Monday, December 30, 2013

You Had Me at Bacon

By Sarah Correll  

Bacon is a favorite meat of many, and I’m sure I don’t need to sell you on the savory, salty, and slightly sweet meat. Whether you prefer it crispy, chewy, or burnt, these recipes are sure to be stars with your family!

Mountaintop Oven Baked Bacon from Beyer Beware

Do you dip your bacon in syrup? Leah’s oven baked bacon combines sweet and savory in a similar way!

Spaghetti Carbonara from Two Maids a Milking

Liz combines pasta, bacon, chicken, and cheese in this recipe. What could be better?

Loaded Potato Soup from 3 Kids and Lots of Pigs

This slow cooker soup is a hit with Heather’s family!

Honey Mustard Bacon Chicken Tenders from Beyer Beware

Leah has an entire category dedicated to bacon on her blog, and these chicken tenders are sure to be a new favorite!

Country Potato Bake from Fencerow to Fencerow

Cheese and bacon star in Jeanette’s simple and delicious casserole!

If you’re looking for a little lighter bacon recipe, Liz’s salad has tons of flavor!

Friday, December 27, 2013

Local Soup Kitchens – Benefitting The Community with Nutritious Meals

By Michelle Plummer of Winners Drink Milk

Food Pantries, Food Bank, Soup Kitchens may not be like you see in Oliver Twist.  Today there are many folks working and volunteering to serve hot, wholesome and nutritious foods and meals that those who may not have enough to eat regularly.

I recently had the privilege of touring Gleaners Food Bank, where skids of canned foods, juices, and refrigerated products were available.  In fact, in the produce area there were bags of beautiful purple topped turnips cleaned and ready to cook, and I could not miss the skids of jellied cranberry sauce.  As I walked this vast area, I could not help but think this literally looks like Thanksgiving shopping in the grocery store.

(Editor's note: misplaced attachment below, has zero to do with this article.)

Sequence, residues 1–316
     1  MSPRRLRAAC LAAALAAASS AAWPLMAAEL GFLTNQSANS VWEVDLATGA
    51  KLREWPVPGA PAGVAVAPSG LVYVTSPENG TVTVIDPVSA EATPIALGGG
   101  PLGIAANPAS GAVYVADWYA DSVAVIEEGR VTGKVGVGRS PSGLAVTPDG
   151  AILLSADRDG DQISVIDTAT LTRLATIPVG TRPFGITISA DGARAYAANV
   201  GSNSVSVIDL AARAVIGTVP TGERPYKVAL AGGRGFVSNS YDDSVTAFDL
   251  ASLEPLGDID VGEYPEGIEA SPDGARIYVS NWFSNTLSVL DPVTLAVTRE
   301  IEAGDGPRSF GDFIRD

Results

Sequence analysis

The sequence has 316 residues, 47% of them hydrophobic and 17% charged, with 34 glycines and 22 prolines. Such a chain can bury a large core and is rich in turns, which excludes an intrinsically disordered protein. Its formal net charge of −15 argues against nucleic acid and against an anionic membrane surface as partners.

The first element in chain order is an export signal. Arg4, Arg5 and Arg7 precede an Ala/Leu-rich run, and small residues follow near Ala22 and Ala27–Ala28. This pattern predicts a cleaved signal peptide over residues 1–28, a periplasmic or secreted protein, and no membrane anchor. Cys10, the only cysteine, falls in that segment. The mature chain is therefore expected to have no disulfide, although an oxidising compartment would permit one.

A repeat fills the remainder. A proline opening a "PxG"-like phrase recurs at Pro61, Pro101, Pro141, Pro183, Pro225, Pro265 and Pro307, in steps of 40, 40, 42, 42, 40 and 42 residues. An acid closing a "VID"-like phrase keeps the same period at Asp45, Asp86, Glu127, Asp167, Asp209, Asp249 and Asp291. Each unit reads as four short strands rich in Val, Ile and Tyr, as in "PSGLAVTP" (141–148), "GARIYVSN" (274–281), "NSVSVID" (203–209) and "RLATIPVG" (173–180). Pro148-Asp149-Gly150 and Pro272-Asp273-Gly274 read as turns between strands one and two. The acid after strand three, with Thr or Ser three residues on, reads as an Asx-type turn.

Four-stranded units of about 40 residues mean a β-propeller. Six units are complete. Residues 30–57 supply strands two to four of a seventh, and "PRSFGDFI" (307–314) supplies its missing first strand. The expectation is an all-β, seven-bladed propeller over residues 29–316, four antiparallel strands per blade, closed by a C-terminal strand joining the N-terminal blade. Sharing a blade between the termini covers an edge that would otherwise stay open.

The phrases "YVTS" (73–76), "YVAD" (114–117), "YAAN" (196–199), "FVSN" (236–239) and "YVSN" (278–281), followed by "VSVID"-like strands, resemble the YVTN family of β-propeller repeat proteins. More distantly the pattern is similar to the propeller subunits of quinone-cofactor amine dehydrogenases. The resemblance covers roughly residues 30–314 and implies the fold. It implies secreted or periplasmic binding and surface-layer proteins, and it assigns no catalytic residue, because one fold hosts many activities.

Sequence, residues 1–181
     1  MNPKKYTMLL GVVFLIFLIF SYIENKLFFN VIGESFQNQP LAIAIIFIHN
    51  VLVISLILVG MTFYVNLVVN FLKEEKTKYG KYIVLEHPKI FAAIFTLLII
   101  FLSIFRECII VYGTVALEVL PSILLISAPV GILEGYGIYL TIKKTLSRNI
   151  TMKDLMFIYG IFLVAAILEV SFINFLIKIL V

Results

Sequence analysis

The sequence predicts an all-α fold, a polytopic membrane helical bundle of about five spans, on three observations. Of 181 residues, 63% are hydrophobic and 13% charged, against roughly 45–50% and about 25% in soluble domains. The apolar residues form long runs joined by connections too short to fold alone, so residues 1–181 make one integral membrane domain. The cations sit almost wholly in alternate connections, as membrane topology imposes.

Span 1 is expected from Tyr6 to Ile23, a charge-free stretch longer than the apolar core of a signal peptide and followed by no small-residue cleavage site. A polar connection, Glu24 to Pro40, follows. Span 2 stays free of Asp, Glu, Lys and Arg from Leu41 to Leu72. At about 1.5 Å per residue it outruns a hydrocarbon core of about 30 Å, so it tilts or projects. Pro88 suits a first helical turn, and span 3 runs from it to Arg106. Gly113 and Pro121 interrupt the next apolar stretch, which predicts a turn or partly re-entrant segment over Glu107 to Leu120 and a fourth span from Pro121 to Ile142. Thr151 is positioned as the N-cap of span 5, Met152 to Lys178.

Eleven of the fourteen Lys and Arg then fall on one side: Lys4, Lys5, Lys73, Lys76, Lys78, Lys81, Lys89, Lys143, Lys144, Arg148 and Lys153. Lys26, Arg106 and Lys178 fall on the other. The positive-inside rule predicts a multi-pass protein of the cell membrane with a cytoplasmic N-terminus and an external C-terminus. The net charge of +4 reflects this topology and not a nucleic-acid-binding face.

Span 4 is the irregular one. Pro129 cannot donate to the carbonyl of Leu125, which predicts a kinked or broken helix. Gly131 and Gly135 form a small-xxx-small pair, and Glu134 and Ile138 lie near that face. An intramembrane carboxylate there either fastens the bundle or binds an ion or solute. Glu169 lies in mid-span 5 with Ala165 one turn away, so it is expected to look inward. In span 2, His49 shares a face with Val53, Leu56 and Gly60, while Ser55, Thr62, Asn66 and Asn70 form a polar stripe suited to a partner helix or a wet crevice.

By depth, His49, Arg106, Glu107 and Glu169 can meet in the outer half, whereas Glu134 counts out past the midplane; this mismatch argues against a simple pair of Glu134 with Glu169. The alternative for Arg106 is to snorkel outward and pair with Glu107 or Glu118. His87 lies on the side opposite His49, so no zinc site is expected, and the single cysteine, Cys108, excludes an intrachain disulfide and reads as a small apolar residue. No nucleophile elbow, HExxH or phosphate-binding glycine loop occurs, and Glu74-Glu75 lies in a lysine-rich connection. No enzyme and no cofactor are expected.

I am working with a group who is writing recipes that are easy to prepare, nutritious and taste good that can be handed out to the patrons of the food banks and pantries.

I have also had the great blessing of being involved with Second Helpings, both as a volunteer and educator.  I have seen first hand the beautiful hotel pans of Chili with corn bread or Southwestern Chicken that are going to the more than 3500 persons that Second Helpings serves daily.  Second Helpings and Gleaners both offer an array of ways to help in the community and always can use two more hands, just give them a call.

OK, back to the cranberry sauce.  Every year at the family table is the canned cranberry sauce and at our house there are always left overs, so I got to thinking, cranberry sauce is red, sweet, and easy to smash, SMOOTHIE? Well maybe.  So after a bit of work, the Cranberry Creme Smoothie was served.

Cranberry Crème Smoothie

  • 1 c yogurt
  • 1/4 c jellied cranberry sauce
  • 2 T orange juice

  • Place all ingredients in blender
  • Blend until smooth
  • Pour into glass

Also, look for the Choppin Indiana Hunger cooking event at the Indianapolis Home Show on Saturday, February 1, 2014.  See local chefs cook off using a surprise basket of goodies.  Watch the website and blogs for more information.

Monday, December 23, 2013

Minting a Holiday Classic

By Sara Correll